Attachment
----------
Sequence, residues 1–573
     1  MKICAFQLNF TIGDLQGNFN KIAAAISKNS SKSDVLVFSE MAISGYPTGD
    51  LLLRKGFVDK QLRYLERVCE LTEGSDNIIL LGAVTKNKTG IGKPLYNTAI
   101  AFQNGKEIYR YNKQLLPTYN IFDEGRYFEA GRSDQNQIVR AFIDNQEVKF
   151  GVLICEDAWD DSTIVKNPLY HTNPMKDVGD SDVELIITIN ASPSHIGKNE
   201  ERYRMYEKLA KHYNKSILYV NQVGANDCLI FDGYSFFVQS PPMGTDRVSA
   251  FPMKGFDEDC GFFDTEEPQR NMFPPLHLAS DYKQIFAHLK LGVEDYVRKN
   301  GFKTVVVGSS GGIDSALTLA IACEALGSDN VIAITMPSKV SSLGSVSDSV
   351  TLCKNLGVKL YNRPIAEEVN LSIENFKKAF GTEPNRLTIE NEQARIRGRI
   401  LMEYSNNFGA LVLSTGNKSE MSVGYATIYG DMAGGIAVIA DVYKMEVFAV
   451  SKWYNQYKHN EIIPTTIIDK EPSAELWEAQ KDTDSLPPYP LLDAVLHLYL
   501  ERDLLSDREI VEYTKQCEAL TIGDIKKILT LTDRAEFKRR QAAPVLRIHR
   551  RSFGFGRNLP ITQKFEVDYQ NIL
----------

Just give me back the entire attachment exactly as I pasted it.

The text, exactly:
Sequence, residues 1–573
     1  MKICAFQLNF TIGDLQGNFN KIAAAISKNS SKSDVLVFSE MAISGYPTGD
    51  LLLRKGFVDK QLRYLERVCE LTEGSDNIIL LGAVTKNKTG IGKPLYNTAI
   101  AFQNGKEIYR YNKQLLPTYN IFDEGRYFEA GRSDQNQIVR AFIDNQEVKF
   151  GVLICEDAWD DSTIVKNPLY HTNPMKDVGD SDVELIITIN ASPSHIGKNE
   201  ERYRMYEKLA KHYNKSILYV NQVGANDCLI FDGYSFFVQS PPMGTDRVSA
   251  FPMKGFDEDC GFFDTEEPQR NMFPPLHLAS DYKQIFAHLK LGVEDYVRKN
   301  GFKTVVVGSS GGIDSALTLA IACEALGSDN VIAITMPSKV SSLGSVSDSV
   351  TLCKNLGVKL YNRPIAEEVN LSIENFKKAF GTEPNRLTIE NEQARIRGRI
   401  LMEYSNNFGA LVLSTGNKSE MSVGYATIYG DMAGGIAVIA DVYKMEVFAV
   451  SKWYNQYKHN EIIPTTIIDK EPSAELWEAQ KDTDSLPPYP LLDAVLHLYL
   501  ERDLLSDREI VEYTKQCEAL TIGDIKKILT LTDRAEFKRR QAAPVLRIHR
   551  RSFGFGRNLP ITQKFEVDYQ NIL